VIJAYAWADA: A few hours after they blocked Chief Minister N Chandrababu Naidu’s convoy at the Interim Government Complex in Velagapudi on Monday demanding minimum wages, members of the Nayee Brahmins Association held talks with the TDP supremo and called off their strike. Emerging from the meeting, representatives of the body said they were satisfied with Naidu’s assurances.
Earlier in the day, the temple barbers had marched to the IGC and blocked the Chief Minister’s convoy, forcing him to step out and reason with them. At one point, Naidu seemed to have lost his cool and told the protestors that he had already assured them of twice the amount they earn for tonsuring a head (the cost has been hiked from `13 to `25 at every temple) and promising them a minimum wage was “not possible”. “I will address every problem if it is genuine, but will not succumb to threats. The Secretariat is no less than a temple. It is unbecoming of you to behave this way,” he shot back, when the barbers raised their voices.
“We will do more for you in the future, but at this point, setting a minimum wage is out of question. I have doubled the price per shave, resume your duties now,” he told them. The Chief Minister attempted to negotiate with the unyielding protestors saying they could each earn around `25,000 a month if the revised price was implemented . “This should be a source for joy, but instead you are confronting me,” a clearly irate Naidu snapped.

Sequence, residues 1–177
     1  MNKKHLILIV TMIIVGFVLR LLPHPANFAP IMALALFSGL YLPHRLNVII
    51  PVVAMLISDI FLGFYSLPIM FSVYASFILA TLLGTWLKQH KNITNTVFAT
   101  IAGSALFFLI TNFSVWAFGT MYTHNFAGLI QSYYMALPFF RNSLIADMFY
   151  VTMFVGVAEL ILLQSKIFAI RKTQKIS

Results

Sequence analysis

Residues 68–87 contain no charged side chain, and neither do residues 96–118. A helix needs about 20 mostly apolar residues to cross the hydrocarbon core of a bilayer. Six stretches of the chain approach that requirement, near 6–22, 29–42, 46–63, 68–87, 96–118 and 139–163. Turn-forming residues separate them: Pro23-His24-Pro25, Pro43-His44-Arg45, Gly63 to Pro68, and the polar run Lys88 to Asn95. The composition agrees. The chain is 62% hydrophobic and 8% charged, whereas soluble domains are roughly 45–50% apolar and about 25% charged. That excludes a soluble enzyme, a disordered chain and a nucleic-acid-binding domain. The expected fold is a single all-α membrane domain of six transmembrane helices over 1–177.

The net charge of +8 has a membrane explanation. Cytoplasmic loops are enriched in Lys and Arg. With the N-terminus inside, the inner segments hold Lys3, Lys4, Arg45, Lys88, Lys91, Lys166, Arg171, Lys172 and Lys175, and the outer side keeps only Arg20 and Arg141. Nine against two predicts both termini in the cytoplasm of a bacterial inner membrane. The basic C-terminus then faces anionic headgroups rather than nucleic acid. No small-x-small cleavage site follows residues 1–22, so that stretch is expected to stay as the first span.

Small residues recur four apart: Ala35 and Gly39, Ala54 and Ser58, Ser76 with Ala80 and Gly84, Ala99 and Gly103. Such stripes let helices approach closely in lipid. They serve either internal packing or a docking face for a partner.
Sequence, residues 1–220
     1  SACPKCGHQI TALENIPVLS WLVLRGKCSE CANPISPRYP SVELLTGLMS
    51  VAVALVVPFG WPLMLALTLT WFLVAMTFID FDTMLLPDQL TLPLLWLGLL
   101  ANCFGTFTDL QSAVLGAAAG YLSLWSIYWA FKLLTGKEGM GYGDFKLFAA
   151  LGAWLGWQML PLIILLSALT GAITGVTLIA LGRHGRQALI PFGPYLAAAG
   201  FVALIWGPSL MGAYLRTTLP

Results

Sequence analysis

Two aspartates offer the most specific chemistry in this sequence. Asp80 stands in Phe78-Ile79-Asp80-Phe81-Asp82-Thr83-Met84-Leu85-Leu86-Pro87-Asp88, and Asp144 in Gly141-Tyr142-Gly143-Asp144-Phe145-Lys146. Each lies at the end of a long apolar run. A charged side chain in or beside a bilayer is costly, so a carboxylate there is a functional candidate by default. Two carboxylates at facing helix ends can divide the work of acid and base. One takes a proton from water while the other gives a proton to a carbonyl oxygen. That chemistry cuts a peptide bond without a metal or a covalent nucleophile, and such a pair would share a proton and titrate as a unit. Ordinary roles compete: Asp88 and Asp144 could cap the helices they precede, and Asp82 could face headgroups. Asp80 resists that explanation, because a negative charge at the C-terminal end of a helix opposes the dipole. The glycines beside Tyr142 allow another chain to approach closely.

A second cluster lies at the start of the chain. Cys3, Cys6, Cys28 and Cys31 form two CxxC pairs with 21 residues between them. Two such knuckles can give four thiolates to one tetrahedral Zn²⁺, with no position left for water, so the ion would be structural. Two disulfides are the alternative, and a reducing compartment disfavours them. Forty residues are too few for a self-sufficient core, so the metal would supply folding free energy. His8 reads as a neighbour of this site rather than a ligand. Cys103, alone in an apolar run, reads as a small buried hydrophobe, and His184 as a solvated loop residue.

The group had first met Deputy Chief Minister KE Krishnamurthy who point blank refused to promise minimum wages or regularised services.
When contacted, Nayee Brahmin Joint Action Committee President G Ramdas asserted they would continue the strike until they got a favourable response from the government.
“We can make `25,000 per month with the enhanced commission, but what we want is a minimum wage of `15,000 to ensure job security,’’ he said. The revised fee is likely to become a burden on temples. At present, temples collect `20 per tonsure ticket, `13 of which is handed over to barbers. When the revision is implemented, the temples will not only lose revenue from tonsuring, but will have to spend money to pay the barbers as the Dy CM had made it clear that temples would bear the expenses, not the government. When some barbers told the Chief Minister that all they made was a paltry `5 per shave, the Chief Minister had assured them that they would be given `25 at all temples.